https://doi.org/10.1371/journal.pone.0052751.g006

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Table 6. Vaccine virus replication and shedding in 2-week-old chickens.

https://doi.org/10.1371/journal.pone.0052751.t006

Serological Cross-reaction between Ban/AF and Commercial Vaccine Strains

We investigated the extent of serological cross-reaction between Ban/AF and the commercial vaccine strains B1 and LaSota. One-day-old chicks and 2-week-old chickens were inoculated by a single nasal drop per bird as described above. Serum samples were collected 14 dpi and were analyzed by hemagglutination-inhibition (HI) and neutralization assays against each of the three viruses, Ban/AF, B1, and LaSota. The sera from B1-immunized 1-day-old chicks had the highest HI titer (28 units) to the B1 virus, compared to titers to the LaSota (27 units) and Ban/AF (26 units) viruses. The sera from LaSota-immunized chicks had similar HI titers to LaSota and B1 viruses (28 units), but 2-fold lower HI titer to the Ban/AF virus (26 units). The sera from Ban/AF immunized 1-day old chicks had the same HI titer to Ban/AF and B1 viruses, and somewhat lower to LaSota (data not shown). Similar results for HI serum antibodies were found with 2-week-old immunized chickens. The serum neutralization analysis showed that each serum neutralized the heterologous viruses, but the neutralization titers were always 2 to 4-fold higher to homologous strain than to heterologous strains (data not shown). These results are consistent with the HI results. In general, it was observed that the serum neutralization and HI titers of sera obtained from 1-day-old immunized chicks were 2-fold higher than those obtained from 2-week old immunized chickens.

Comparison of Protective Efficacy of Ban/AF Versus Commercial Vaccine Strains B1 and LaSota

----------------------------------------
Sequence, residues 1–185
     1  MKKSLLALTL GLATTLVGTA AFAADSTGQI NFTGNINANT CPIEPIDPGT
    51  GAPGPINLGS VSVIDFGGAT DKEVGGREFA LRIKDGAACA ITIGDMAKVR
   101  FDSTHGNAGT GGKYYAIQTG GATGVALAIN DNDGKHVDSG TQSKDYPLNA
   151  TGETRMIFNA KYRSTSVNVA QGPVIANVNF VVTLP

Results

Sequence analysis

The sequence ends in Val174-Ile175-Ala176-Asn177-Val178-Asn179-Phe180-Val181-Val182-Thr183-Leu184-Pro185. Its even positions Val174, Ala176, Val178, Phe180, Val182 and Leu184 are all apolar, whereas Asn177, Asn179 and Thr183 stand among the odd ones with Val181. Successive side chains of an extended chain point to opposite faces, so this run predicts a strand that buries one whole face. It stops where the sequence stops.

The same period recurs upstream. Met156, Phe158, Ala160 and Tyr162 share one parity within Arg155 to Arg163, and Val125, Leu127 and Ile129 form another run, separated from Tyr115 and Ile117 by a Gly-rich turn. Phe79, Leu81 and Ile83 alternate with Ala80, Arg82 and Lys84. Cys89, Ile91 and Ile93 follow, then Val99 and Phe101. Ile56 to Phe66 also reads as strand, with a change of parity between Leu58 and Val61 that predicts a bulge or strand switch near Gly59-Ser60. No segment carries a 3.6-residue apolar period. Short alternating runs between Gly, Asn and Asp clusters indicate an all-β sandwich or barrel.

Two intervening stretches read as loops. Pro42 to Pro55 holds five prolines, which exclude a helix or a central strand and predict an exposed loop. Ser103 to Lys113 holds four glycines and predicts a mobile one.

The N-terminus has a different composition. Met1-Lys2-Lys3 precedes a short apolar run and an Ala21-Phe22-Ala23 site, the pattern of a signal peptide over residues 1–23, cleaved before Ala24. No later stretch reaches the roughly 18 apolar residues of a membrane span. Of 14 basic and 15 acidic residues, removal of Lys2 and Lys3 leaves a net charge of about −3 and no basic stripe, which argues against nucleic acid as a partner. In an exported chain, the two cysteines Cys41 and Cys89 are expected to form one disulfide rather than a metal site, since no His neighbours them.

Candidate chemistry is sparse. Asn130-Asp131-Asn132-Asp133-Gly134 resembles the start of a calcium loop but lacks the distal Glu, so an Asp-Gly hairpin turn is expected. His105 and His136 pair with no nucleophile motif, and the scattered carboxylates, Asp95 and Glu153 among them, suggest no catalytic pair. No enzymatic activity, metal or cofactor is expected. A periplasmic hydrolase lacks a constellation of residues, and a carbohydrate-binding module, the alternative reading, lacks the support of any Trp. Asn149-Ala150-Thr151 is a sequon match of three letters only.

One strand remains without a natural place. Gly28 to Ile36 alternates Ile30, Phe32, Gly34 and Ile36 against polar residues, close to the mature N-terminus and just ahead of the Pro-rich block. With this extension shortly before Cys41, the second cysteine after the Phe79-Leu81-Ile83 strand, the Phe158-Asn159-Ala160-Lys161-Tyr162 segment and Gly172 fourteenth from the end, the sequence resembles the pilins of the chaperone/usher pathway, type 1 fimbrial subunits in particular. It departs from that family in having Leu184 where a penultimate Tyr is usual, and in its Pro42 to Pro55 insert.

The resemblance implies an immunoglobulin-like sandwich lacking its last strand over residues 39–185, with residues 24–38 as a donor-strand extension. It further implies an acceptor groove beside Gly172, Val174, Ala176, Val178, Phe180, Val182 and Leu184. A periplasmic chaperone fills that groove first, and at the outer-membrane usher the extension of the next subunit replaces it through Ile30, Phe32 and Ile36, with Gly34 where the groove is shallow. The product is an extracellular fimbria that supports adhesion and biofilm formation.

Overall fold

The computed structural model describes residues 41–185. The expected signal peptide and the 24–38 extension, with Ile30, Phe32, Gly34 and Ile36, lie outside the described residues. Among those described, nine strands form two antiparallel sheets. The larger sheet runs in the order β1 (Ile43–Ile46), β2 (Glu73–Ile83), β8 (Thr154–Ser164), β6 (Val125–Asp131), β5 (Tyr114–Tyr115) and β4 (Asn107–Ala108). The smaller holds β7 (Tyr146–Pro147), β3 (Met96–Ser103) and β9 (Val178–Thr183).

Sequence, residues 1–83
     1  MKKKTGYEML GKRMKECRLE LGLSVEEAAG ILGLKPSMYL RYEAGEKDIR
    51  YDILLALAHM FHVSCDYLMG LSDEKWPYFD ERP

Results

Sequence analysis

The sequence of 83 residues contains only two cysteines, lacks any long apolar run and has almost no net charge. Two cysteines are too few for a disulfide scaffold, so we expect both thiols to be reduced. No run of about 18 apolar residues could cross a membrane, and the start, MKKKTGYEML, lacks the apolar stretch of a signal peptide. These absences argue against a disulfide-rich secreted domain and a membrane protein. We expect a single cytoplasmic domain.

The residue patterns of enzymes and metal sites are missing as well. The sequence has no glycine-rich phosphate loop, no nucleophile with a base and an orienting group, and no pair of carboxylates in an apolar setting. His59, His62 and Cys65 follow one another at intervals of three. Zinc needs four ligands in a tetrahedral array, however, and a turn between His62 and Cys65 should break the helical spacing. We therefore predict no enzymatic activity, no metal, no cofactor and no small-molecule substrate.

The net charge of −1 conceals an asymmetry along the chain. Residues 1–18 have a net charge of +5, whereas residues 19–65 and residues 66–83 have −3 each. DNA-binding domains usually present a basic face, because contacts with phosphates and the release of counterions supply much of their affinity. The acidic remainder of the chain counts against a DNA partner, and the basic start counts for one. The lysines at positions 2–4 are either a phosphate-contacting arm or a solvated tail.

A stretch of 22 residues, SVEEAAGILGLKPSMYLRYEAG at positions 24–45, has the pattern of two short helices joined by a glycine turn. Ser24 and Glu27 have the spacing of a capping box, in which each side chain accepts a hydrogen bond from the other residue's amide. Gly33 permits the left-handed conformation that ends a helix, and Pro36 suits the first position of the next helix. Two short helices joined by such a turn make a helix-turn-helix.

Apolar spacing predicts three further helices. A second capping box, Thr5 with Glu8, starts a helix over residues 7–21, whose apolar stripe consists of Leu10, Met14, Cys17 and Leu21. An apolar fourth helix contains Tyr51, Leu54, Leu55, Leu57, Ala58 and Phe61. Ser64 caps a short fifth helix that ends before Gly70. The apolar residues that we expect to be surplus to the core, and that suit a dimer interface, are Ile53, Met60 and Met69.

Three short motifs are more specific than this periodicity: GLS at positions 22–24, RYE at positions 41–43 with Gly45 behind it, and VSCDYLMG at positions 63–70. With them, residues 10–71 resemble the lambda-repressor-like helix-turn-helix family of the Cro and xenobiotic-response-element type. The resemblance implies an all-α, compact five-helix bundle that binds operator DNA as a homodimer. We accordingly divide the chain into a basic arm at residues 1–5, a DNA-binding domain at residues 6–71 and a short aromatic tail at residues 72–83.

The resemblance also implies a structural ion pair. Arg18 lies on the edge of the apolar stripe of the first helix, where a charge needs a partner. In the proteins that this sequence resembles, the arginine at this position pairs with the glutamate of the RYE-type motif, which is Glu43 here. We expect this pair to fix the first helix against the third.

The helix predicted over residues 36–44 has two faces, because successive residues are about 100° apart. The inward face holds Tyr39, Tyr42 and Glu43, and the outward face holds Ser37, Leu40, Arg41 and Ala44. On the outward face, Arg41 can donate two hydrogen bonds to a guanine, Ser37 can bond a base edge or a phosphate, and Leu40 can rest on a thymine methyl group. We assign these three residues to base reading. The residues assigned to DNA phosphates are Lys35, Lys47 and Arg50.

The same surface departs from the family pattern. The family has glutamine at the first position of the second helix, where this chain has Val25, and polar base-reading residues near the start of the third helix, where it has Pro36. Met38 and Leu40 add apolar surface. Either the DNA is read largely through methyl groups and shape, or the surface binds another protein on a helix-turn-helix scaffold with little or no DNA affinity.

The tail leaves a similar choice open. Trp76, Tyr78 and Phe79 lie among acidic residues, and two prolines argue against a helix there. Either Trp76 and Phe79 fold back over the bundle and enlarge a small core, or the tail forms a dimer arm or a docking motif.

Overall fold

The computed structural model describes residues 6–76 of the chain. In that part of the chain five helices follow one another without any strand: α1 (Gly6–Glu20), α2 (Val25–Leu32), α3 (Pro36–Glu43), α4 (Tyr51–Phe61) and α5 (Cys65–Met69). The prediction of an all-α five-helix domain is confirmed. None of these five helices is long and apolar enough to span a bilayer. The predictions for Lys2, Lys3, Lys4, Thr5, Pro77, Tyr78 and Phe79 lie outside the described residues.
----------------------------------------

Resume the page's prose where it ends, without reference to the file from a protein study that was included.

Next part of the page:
The commercial vaccines B1 and LaSota are usually used for 1-day old chicks and 2-week old chickens, respectively, because the LaSota vaccine can cause mild respiratory disease in 1-day old chicks [24] (although that was not observed in previous experiments in this study in which 1-day-old chicks were inoculated with LaSota virus). Based on this commercial use, the protective immunity of Ban/AF virus was compared with the B1 vaccine in 1-day-old chicks and with the LaSota vaccine in 2-week-old chickens. One-day-old chicks and 2-week-old chickens were inoculated by a single nasal drop per bird as described above, or mock-inoculated. All birds were challenged on day 21 post-vaccination with 100 CLD50 per chicken of the virulent wt Ban/010 (genotype VII, homologous to the Ban/AF vaccine) or GB Texas (genotype II, homologous to the B1 and LaSota vaccines) virus. All Ban/AF- and B1-immunized 1-day-old chicks were fully protected from clinical disease and mortality against Ban/010 (Fig. 7A) or GB Texas (Fig. 7B). Similarly, 2-week-old chickens vaccinated with Ban/AF or LaSota were fully protected from clinical disease and mortality from virulent Ban/010 and GB Texas (data not shown).

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Figure 7. Protective efficacy of vaccine viruses Ban/AF and B1 in 1-day-old chicks against challenge with virulent strains

Ban/010 and GB Texas. Chicks were inoculated with vaccine viruses Ban/AF or B1 by a single nasal drop each, or were mock-infected, as described in Materials and Methods. At 21 dpi, birds from each group were challenged with 100 LD50 of the Ban/010 or GB Texas viruses by the oculonasal route. The birds were observed daily for survival. Each challenge group had 10 birds except for the 1-day-old chicks immunized with Ban/AF, which had 12 birds in the Ban/010 challenge group and 11 birds in the GB Texas challenge group.

https://doi.org/10.1371/journal.pone.0052751.g007